Can Peloton sue for his “and just like that” appearance?


He estimated that product placement advertising was worth well over $ 20 billion in 2021.

For production companies, the arrangements can be mutually beneficial, as showcasing recognizable brands can make a show more realistic, Ms. Jones said.

In this particular case, the inclusion of Peloton was integral to moving a story forward. “Peloton provided a solution to their problem,” she said.

Usually when a company is so unhappy with the way their product has been portrayed that the idea of ​​litigation is thrown up, “TV shows claim it’s a travesty, that viewers obviously knew it was. was fictitious, “Beth L. Fossen, assistant professor of marketing at Indiana University’s Kelley School of Business, said Friday.

This approach generally works for shows like “Saturday Night Live,” she said.

But given that Peloton has received unfavorable headlines this year about a child who died in an accident involving one of his treadmills, the storyline may have “touched a bit too close to home.” “for this argument to work,” said Professor Schweidel.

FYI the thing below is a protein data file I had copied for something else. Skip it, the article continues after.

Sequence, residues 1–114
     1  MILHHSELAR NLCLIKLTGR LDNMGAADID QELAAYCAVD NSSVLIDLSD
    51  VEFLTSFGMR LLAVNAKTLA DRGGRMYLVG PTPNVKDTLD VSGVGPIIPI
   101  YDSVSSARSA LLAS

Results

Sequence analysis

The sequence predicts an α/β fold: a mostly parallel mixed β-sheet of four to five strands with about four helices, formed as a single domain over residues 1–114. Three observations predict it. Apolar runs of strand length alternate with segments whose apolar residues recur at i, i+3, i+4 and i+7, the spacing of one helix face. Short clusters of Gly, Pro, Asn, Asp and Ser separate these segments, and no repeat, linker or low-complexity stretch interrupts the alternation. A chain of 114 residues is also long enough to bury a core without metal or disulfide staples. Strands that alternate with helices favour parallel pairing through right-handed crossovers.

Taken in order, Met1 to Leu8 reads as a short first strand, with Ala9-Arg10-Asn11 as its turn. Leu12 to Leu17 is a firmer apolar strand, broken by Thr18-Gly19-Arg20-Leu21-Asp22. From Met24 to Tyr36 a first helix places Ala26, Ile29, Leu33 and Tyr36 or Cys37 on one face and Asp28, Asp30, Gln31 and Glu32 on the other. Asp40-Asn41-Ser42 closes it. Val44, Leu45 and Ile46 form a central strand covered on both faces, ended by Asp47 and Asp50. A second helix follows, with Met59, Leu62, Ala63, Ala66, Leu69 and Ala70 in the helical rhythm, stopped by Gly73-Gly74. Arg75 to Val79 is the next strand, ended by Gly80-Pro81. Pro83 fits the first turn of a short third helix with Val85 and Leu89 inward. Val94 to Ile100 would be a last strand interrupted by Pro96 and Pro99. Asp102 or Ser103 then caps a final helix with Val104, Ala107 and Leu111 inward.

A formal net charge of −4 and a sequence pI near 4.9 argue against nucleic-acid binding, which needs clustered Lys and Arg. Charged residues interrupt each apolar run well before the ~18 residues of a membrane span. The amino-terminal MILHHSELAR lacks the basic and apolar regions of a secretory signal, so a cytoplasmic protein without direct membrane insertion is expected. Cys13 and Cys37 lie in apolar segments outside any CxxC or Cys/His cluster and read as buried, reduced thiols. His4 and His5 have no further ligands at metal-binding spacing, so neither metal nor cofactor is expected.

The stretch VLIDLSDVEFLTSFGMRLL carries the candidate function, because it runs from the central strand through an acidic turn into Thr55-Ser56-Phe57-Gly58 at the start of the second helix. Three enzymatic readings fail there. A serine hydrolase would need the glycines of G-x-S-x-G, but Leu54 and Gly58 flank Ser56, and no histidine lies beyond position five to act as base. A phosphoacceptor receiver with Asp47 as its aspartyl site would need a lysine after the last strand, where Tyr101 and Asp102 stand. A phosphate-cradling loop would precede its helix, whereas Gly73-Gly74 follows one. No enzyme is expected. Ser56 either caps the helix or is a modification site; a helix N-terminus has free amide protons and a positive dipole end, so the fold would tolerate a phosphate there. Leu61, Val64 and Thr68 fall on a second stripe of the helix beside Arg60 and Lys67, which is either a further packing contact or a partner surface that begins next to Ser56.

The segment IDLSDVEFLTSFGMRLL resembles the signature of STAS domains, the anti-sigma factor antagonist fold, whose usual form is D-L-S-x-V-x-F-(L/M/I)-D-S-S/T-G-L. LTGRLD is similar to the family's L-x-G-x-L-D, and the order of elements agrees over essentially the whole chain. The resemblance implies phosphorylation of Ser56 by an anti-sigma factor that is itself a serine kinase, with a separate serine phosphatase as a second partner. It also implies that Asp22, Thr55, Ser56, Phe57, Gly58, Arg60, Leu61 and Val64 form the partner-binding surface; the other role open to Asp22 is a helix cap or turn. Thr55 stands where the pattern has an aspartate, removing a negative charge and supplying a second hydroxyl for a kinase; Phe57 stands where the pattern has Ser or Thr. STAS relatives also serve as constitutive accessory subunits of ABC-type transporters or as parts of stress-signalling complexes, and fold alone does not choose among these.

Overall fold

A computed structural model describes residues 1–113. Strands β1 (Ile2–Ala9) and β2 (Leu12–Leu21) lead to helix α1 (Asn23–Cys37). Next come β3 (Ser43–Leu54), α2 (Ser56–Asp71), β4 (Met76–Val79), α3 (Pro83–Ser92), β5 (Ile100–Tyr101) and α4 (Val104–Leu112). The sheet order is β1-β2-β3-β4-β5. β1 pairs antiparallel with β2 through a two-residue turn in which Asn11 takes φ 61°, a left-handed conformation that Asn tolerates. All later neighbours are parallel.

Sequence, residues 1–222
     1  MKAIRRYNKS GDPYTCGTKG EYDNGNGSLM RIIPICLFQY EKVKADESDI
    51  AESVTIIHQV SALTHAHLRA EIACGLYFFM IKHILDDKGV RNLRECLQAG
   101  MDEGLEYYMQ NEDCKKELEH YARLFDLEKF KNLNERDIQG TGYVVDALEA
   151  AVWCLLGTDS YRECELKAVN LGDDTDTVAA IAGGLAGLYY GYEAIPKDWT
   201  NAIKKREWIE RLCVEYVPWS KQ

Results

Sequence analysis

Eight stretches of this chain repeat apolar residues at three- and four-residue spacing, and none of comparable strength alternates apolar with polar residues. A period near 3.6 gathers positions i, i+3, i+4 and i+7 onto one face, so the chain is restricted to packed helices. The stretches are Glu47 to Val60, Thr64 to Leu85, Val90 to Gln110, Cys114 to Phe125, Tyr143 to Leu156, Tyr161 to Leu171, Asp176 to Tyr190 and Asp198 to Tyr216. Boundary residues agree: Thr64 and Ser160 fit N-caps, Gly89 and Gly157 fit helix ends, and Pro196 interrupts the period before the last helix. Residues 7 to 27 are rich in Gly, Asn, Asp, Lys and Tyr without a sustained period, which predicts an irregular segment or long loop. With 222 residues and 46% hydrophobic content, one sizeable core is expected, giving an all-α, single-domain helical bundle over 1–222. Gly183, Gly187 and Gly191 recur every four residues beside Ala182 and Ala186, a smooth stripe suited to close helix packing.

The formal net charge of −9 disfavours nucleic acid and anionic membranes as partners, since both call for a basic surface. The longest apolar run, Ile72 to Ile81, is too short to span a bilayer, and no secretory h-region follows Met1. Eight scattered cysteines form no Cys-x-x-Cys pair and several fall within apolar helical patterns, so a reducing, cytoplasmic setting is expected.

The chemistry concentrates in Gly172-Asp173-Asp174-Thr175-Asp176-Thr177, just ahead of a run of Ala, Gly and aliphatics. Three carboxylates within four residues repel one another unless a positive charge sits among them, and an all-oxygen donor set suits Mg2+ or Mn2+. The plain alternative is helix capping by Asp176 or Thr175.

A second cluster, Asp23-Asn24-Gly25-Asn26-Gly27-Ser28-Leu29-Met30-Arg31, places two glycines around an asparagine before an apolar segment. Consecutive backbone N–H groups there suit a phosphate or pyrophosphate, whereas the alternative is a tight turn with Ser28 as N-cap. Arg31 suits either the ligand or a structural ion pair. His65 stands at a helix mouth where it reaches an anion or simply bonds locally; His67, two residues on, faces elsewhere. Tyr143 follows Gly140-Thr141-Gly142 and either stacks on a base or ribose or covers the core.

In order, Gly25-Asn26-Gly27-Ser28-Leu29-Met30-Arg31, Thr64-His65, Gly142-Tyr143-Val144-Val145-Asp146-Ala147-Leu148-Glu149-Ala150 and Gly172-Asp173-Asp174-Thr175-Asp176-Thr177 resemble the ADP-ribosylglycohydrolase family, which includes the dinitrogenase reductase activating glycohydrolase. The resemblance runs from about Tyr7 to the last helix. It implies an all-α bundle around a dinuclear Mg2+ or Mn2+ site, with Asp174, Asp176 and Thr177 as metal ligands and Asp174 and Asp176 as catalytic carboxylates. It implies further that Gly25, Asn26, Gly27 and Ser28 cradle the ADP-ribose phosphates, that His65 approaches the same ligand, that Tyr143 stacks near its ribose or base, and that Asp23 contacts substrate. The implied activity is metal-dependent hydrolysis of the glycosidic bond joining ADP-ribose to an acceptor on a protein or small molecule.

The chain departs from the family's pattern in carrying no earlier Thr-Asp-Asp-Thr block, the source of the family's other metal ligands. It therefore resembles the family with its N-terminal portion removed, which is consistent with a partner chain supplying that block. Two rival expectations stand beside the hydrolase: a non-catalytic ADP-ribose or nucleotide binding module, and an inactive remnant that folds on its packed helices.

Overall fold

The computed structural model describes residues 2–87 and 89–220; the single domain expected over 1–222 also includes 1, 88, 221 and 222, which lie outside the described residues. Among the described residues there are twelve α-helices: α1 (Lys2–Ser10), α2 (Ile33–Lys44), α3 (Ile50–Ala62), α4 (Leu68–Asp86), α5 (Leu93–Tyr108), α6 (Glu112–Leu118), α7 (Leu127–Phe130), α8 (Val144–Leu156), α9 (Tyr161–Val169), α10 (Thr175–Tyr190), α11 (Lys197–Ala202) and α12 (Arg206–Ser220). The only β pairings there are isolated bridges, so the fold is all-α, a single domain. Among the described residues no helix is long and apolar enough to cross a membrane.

At least for now, it looks like Peloton is unwilling to sue. In a statement on Saturday, Dr Suzanne Steinbaum, cardiologist with the Peloton’s Advisory Board on Health and Wellness, noted that “Mr. Big was living what many would call an extravagant lifestyle – including cocktails, cigars. and big steaks – and was at serious risk because he had already had a heart attack in season 6. “

Dr Steinbaum said Mr Big’s lifestyle choices, possibly in conjunction with a family history of heart disease, were most likely the cause of his death.

In fact, she speculated, “riding the Peloton bike may even have helped delay her cardiac event.”

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